Telling Tales: Narrative Works by Nate Steigenga, Cappy Thompson, and Anna Torma: Steigenga uses bedsheets and pillow covers as a medium for conveying charmed scenes of myth and fantasy; Thompson’s blown-glass urns depict Hindu gods with vibrant energy; and Torma’s work is a collage of textiles, patchwork, and doodling embroidery. $10.
War Baby/Love Child: Mixed Race Asian American Art is a traveling exhibition of 19 artists across the spans of their careers—some famous, some not—working in traditional media as well as video, installation, and "other approaches," considering everything from US wars in Asia to transracial adoption and, more generally, the racialization of humans. $12.95.
Jason Dodge's sculptures are stories. They are: what's left after 19 farm animals spend time in the galleries, pillows slept on only by ornithologists, pillows slept on only by acrobats, linens from a local hotel linen service changed weekly, and rolls of newsprint that will become actual pages of the Seattle Times during the run of the exhibition. $10 suggested.
Martin Schoeller: Close Up: Whether Schoeller is shooting celebrities or unknowns, he crops their faces tightly and gets so close it's almost uncomfortable. Often, their eyeballs shine. Here are 48 of his large portraits, previously seen in magazines and books. $15.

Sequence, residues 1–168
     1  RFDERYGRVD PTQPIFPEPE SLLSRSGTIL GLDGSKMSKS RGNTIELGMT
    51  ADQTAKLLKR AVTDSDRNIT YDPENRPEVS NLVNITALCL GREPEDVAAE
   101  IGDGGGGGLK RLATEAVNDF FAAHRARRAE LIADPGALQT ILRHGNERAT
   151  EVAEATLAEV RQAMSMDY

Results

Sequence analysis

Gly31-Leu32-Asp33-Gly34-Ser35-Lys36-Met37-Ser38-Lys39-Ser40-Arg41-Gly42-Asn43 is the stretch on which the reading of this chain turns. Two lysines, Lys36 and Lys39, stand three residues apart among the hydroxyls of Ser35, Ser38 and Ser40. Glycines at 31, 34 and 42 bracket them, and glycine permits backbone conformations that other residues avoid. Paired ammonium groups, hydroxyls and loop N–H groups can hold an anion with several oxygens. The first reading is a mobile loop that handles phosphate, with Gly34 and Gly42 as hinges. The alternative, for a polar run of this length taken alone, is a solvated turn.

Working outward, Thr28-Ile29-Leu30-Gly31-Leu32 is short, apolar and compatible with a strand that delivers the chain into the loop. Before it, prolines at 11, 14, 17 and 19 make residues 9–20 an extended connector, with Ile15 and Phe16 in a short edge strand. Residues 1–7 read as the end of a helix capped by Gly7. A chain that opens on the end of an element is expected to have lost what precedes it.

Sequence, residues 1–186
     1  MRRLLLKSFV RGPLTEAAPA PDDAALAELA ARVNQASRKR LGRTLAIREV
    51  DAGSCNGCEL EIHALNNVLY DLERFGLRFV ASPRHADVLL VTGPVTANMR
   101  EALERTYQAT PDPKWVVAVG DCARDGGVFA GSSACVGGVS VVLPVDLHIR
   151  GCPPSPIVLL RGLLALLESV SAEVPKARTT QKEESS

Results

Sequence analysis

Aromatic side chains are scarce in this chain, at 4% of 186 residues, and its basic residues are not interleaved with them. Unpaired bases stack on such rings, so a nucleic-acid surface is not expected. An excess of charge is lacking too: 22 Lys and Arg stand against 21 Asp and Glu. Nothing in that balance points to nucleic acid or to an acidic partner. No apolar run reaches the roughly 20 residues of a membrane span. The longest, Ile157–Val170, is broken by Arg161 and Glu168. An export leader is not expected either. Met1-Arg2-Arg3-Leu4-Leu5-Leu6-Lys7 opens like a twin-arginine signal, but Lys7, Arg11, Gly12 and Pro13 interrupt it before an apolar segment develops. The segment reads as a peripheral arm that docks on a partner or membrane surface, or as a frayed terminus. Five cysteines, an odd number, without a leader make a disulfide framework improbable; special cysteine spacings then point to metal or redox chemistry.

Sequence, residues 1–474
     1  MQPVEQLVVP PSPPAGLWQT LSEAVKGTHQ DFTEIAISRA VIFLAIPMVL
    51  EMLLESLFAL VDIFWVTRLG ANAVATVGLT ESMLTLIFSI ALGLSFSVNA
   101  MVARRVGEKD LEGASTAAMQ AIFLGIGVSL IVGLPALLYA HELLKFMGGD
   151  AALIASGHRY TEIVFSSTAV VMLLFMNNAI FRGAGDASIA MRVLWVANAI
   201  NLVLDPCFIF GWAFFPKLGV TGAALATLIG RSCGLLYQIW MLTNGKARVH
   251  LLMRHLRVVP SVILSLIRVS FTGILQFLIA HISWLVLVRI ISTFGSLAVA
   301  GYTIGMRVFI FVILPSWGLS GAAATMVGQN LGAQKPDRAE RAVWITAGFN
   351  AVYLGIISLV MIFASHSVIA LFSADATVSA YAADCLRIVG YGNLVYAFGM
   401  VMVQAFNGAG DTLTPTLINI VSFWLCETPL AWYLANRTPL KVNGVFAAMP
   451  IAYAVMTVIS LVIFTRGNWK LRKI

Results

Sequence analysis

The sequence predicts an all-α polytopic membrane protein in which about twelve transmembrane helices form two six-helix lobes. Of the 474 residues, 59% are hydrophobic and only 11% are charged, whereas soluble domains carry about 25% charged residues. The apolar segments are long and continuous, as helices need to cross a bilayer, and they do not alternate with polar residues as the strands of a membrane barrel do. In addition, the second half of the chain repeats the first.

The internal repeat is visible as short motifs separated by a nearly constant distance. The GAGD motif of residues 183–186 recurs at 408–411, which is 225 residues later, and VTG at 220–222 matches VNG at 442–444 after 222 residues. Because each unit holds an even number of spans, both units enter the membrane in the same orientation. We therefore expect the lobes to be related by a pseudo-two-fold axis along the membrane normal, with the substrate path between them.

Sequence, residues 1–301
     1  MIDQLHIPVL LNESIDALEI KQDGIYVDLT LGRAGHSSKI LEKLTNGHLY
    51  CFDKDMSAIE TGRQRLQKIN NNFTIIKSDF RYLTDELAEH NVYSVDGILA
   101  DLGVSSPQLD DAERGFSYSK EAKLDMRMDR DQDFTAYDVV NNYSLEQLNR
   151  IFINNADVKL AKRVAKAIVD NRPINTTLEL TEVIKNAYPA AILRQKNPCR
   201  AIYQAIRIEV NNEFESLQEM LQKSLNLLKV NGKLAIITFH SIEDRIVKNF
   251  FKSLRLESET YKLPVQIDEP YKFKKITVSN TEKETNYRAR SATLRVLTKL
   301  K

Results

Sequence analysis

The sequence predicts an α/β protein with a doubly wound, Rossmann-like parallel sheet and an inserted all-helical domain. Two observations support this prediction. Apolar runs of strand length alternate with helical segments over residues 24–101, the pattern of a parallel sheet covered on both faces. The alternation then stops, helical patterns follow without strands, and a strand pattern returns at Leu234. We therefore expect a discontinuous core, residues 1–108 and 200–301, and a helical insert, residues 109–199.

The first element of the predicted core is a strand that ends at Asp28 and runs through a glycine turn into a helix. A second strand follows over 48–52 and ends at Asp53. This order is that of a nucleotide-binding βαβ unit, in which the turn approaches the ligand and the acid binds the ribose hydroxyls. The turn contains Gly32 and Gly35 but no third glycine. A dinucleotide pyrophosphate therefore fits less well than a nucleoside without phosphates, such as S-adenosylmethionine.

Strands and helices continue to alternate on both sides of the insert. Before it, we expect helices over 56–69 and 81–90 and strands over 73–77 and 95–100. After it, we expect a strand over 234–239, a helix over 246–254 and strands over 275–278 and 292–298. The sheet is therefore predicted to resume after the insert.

Franz von Stuck: This is dark, dirty, strange Symbolism with Art Nouveau flourishes—we're talking Satan and hellfire and naked ladies and beautiful, swirling patterns. On the occasion of the 150th anniversary of his birth and the 120th anniversary of his American debut, Munich Secession cofounder Franz von Stuck—the painter of Sin—finally gets his... more » Free.
Rick Araluce: The Minutes, the Hours, the Days: Araluce constructs teeny, tiny, immaculately detailed spaces that look to have been abandoned five minutes ago or five years ago. In either case, there will be feelings of invasion and loneliness. $10.
Robert Davidson: Abstract Impulse: SAM and the National Museum of the American Indian in New York co-organized this first major US exhibition of Haida artist Robert Davidson, who's been pivotal in Northwest Coast art since 1969, when he erected the first totem pole in his ancestral Massett village since the 1880s. $15 suggested.
A World of Paper, A World of Fashion: Life-sized paper outfits, costumes, and accessories from Belgian artist Isabelle de Borchgrave. $10.
David Douglas: Naturalist at Work: Botanical scientific illustrations of Northwest plant life created by Douglas during his travels around the Columbia River in the early 19th century. $7-$9.50.
Pitch Black: African American Baseball in Washington State: An historical and cultural exhibition that includes film viewings, performances, and interactive family events. $6.
Elwha: A River Reborn: This season's special exhibition at the Northwest's natural history museum is a look at the recent dam-removal project, and an overview of the people, history, and science of the now-freed Elwha River Valley. $10.
#iconic: Power and Pop Culture takes a look at the representations of Asian Pacific Americans—or lack thereof—through figures from Amy Tan to Margaret Cho to Blue Scholars. $9.50.